I received a copy of this wonderful book for Christmas, thanks to neighbor and friend Tamara. It’s slightly possible she was tired of me calling to say, “I just saw a bird I can’t identify. It has a yellow breast and is kinda gray on top and . . .”

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The Pipestone Meat Cutters Cap

Linda wearing the Pipestone cap.
. . .
Folks tend to stare when I wear my black corduroy cap labeled PIPESTONE with the crossed butcher knife and sharpening tool on the front. Of course, the cap came with a story.

The occasion was one of the many readings I’ve done at Southwest State University in Marshall, Minnesota. The reading took place after 1991, because the poem that occasioned this story was first published in Land Circle that year, and in 1993 appeared in Dakota Bones, published by Dave Pichaske, who still teaches in Marshall.

The poem I read that evening was “Butchering the Crippled Heifer.” This is not an easy poem to read or to hear. I consider it an important poem because it raises difficult questions about meat-eating and expresses the ideas in graphic images. I love to read the poem because it is dramatic; several people who have commented on it mention its strong religious overtones. Still, before choosing to read it, I try to determine if I will have the kind of audience that will appreciate the poem’s complexities.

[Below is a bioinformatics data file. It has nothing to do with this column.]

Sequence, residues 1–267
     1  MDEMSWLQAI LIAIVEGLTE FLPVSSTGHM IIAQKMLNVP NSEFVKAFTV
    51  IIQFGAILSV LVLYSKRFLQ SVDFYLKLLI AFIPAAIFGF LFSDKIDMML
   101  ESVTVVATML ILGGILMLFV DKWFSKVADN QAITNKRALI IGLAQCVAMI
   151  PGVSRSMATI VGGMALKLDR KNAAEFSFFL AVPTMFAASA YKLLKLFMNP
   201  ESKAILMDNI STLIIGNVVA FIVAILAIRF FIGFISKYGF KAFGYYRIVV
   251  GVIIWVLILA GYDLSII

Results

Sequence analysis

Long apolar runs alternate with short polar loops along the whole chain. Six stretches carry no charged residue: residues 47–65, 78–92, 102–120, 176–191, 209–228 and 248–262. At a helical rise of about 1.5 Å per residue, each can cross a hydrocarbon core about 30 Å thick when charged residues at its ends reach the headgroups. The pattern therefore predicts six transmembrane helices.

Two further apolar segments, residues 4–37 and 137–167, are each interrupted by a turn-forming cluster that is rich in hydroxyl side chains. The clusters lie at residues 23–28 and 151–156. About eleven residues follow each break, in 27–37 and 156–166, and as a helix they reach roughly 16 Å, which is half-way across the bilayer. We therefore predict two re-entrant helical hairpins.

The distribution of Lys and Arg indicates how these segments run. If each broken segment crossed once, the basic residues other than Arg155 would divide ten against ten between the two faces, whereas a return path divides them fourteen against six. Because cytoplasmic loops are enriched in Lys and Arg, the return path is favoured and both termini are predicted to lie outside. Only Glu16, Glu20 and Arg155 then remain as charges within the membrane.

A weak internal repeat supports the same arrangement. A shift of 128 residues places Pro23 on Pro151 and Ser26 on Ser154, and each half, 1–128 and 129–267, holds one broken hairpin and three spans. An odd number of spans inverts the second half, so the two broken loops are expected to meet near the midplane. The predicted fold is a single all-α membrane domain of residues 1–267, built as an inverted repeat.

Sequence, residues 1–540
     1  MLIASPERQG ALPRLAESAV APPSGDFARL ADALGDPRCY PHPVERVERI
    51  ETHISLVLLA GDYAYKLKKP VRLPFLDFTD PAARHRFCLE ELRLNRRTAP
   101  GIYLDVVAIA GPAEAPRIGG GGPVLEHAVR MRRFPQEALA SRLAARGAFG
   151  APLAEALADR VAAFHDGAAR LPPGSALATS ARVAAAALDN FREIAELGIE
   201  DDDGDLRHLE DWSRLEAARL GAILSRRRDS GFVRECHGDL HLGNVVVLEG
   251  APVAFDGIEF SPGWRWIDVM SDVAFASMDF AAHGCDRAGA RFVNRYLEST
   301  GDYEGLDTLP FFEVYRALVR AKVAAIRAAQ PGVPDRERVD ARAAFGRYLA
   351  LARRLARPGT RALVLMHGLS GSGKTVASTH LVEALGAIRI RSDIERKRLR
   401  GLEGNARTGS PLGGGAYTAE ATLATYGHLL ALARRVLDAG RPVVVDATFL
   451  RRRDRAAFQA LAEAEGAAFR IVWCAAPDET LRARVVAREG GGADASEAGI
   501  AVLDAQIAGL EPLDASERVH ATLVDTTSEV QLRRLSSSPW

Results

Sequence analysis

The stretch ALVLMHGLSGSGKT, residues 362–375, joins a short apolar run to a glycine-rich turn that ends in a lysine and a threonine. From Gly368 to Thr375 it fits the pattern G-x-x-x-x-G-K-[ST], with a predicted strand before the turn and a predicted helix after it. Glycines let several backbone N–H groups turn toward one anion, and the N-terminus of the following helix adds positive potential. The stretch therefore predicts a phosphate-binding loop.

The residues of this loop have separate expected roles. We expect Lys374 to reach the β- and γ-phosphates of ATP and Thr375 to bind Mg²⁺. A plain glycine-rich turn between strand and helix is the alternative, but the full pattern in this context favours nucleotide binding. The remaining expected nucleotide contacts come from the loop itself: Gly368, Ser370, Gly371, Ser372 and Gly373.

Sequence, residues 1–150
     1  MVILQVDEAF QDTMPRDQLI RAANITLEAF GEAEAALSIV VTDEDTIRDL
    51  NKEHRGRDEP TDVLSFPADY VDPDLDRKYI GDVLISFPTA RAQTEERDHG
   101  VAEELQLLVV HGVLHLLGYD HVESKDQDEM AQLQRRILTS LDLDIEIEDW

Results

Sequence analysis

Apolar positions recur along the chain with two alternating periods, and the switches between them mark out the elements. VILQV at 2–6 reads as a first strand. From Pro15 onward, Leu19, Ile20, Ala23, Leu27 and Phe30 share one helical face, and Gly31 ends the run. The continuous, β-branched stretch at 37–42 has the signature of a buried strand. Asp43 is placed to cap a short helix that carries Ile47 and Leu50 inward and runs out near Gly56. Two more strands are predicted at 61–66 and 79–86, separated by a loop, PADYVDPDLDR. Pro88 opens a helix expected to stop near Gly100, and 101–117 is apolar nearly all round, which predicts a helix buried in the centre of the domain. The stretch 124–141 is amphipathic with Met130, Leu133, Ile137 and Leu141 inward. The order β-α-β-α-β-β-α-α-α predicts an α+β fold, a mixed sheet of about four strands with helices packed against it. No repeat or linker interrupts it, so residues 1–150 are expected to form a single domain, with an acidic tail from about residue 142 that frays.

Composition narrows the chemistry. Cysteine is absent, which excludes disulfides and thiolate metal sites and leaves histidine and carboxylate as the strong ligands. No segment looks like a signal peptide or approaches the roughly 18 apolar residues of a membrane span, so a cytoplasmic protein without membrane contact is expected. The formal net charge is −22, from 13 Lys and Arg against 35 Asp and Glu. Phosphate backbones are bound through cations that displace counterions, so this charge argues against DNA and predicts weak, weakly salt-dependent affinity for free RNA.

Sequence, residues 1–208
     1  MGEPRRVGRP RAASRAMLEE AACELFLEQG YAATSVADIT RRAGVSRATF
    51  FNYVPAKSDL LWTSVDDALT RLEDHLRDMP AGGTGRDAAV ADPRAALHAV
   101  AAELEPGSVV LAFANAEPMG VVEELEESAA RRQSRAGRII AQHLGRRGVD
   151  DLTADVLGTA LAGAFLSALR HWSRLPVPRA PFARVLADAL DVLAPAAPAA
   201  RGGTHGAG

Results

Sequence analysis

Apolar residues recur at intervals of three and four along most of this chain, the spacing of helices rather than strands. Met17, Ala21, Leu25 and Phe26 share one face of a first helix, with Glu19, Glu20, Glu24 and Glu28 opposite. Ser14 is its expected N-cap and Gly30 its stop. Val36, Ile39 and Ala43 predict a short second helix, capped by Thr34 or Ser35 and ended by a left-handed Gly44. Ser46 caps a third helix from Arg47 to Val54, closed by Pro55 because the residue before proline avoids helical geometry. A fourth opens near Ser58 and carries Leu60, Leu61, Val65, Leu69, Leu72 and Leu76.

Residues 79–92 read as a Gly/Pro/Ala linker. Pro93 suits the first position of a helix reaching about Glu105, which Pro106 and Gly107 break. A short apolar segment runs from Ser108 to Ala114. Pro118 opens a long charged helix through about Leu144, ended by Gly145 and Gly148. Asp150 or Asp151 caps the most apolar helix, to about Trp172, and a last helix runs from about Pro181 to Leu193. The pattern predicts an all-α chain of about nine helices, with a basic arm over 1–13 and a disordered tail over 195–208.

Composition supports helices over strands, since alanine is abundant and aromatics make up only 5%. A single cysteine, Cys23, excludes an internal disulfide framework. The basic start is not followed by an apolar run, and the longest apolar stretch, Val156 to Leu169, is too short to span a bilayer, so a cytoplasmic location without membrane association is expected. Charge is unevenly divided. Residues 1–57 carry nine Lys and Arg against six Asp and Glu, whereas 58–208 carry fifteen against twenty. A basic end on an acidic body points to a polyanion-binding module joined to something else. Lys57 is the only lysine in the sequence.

At the end of my reading for the evening, people gathered around me to comment and to have their books signed. I noticed the quiet man wearing the Pipestone cap, but I couldn’t make out the insignia. Finally he was able to approach and did so with his cap in his hand.

He really appreciated the poem, he said, because very few people, even or perhaps especially people who eat meat, understand what it’s like to kill a bovine and to butcher it. He believed that I understood and respected the process-- as he did, because he was a professional meat cutter, his skills represented by the symbols he pointed out on the cap: a butcher knife and a sharpening steel. And then he said that because I understood, he was naming me an honorary professional meat cutter-- and he gave me the cap.

I wore it the rest of the evening. Sometimes I wear it when I’m reading the poem, and tell the story with pride.

Here’s the poem.

Butchering the Crippled Heifer

First:
&nbsp&nbsp&nbsp&nbsp&nbsp&nbsp&nbsp&nbsp&nbsp&nbsp aim the pistol at her ear. Stand close.